Dear Fellow White People,

Even if I was willing to grant your repeatedly offered point that not every interaction between a black person and a non-black person has to be “about race,” why is it ever so important for you to state that belief now, in response to this case? What impulse compels you to risk your friends’ wrath and shunning just to make this point right here, right now, at this moment? In public, all over every social media outlet available to you? Not next week, not in private, but on the Internet, in direct challenge to people’s expressions of grief and frustration? Do you think it makes people feel better? “Oh, no need to get upset little lady, it might not be as bad as you think.” It doesn’t make people feel better. It makes them feel like their feelings are being dismissed. Because they are.

Do you perhaps feel more empathy for Zimmerman than Martin and his family?

And that doesn’t have a thing to do with race? Not one thing? Fascinating.

Don’t try to explain to me how, because I’m not in the market for that kind of denial. Do you not realize this is what grief looks like, maybe? This is what grief looks like. I am a very good friend to grief this year and we’ve gotten to know each other very well. Grief changes wardrobes often but you’ll learn to recognize her if you’re patient enough.

Yes, it is possible to grieve deeply for someone you did not know — if you knew someone like him, for example.

We may not all be Trayvon Martin, but we may have known him, his parents, his friend on the phone, his cousins, his community. Watch the public outpourings every time a celebrity dies, even when they lived to 95 and died peacefully in their sleep. People can make deep emotional connections to people they’ve never even met, and it is a cold heart indeed that begrudges anybody that.

So tell me: If your friend wailed out her grief to you about someone who meant something to her — and you went “well, but I’m not really sure he died of cancer, though, I mean not everyone with those symptoms dies of cancer,” you might be factually correct (emphasis on might), but you would also be an asshole. You can see that, yes? Would you do that to your friend? Some of you would. We can all be assholes sometimes.

But I think some of you would also realize, eventually, that you fucked up that moment and maybe even try to make amends. “I was wrong” is a good start. Go.

And next time someone is expressing their grief — perhaps in the form of outrage, even — stop and listen instead of rushing in to correct their interpretation of their facts.

Let them have their moment.

Take your fingers off the keyboard for a moment or two and sit with it. Shut up and listen. Show some goddamn respect.

16 Responses

  1. Jonatton Yeah?

    Who on Earth are you talking to? The strawman is strong in this one…

    Reply
  2. Lori S.

    Jonatton, I wish I was addressing a strawman. Oh, how I wish.

    Any casual browsing of Twitter or Facebook or the comments section of just about any news story on this topic will bring more than enough examples of what I’m talking about to light. But I’m not going to do your homework for you here.

    Reply
  3. Jonatton Yeah?

    Yeah, it’s a strawman. Your letter is to “white people”, is it not? But the “white person” you are talking to is a manufactured, distorted, and exaggerated entity you created based around a conglomeration of Facebook and Twitter comments – much of it collected to confirm your bias, I’m sure.

    I am white and I don’t see myself in any of what you wrote. If you want people to show some “goddamn respect” maybe you should show some yourself.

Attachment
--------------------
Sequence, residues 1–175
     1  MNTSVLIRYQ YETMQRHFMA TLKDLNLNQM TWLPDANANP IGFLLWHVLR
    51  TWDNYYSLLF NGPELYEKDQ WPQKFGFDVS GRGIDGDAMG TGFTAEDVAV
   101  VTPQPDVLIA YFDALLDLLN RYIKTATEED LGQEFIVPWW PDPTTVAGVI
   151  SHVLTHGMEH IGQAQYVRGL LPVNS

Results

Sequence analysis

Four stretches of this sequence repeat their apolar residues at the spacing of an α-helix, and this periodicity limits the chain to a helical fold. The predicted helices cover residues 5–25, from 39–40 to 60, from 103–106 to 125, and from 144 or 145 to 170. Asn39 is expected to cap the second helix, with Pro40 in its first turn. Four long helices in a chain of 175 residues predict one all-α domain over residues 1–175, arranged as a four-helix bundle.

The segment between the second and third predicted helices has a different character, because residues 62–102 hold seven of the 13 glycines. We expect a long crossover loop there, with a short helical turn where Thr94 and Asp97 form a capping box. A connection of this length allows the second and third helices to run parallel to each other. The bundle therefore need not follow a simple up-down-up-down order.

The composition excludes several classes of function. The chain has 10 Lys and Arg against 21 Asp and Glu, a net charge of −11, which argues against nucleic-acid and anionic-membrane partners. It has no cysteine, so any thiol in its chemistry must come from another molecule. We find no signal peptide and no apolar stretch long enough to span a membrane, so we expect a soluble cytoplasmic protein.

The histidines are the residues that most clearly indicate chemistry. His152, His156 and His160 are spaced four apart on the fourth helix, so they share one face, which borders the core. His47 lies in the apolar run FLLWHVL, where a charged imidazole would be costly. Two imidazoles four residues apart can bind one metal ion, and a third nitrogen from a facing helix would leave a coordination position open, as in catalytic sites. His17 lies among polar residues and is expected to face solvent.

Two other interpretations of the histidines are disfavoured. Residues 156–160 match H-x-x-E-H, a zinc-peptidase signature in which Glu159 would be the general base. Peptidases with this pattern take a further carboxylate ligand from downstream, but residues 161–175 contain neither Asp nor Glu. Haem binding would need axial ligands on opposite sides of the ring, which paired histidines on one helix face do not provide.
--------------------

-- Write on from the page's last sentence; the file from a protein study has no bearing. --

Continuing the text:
Reply
  4. Reed

    Sorry your first commenter was a troll. Thanks for writing this. I’ve been thinking the same thing, it’s not even possible to express grief or anger about this without being attacked or belittled.

    Reply
  5. Debbie Notkin

    Jonatton, here’s another piece by an unrelated white person making points similar to Lori’s.

    I think it’s fabulous that you don’t see yourself in any of what Lori wrote. I think it’s evident from the text that she doesn’t see herself in it either, so she’s not making a blanket judgment about all white people. But you know what? Enough of us fit her (and Stephanie Rogers’) description that I’m more than willing to acknowledge that I’m part of a group many of whom have opinions I despise.

    In fact, just about any group I’m part of, larger than the smallest self-selected friends grouping, includes people who have opinions I despise. I can own that and still keep my own opinions.

    Reply
  6. Lori S.

    “I am white and I don’t see myself in any of what you wrote.”

    Then this letter was not addressed to you and you’re free to move along.

    Or, OK, here: “Dear (some) Fellow White People Who Are Really Real and I Could Totally Quote Right Here If You Don’t Believe Me That They Exist”? Does that make you feel better?

    Why is your perceived offense — my “strawman” — so important that you go out of your way to point it out here when you don’t think this letter applies to you?

    Because funny, you’re doing in form precisely the thing I was calling out. Your feelings are prioritized over other people’s grief. Good show. Carry on.

    Reply
  7. Bri

    Hey Jonnaton, she’s so spot on that I had to delete 20 people from my facebook page and drop a group of people I’ve been speaking with for a year. The sheer level of disrespect in the face of this verdict was crushing. People I thought were my friends were so quick to put their finger in my face and say dumb things like “Why are you upset, this happens all the time in America?” or “I don’t see what the big deal was, it’s just a court case?” ignoring the fact that I am in love with a black man, my brother just turned 18, my step father is black as are all of my cousins and uncles. All people who could be judged and harmed. My biological father is actually IN Florida right now. My fears are relevant. Courts just set a precedent that doesn’t value the lives of black men. Should I have a child with the man I love, I will worry if I have a boy and what I must tell him and how I can teach him to survive in a world that doesn’t care about him or his life or his father.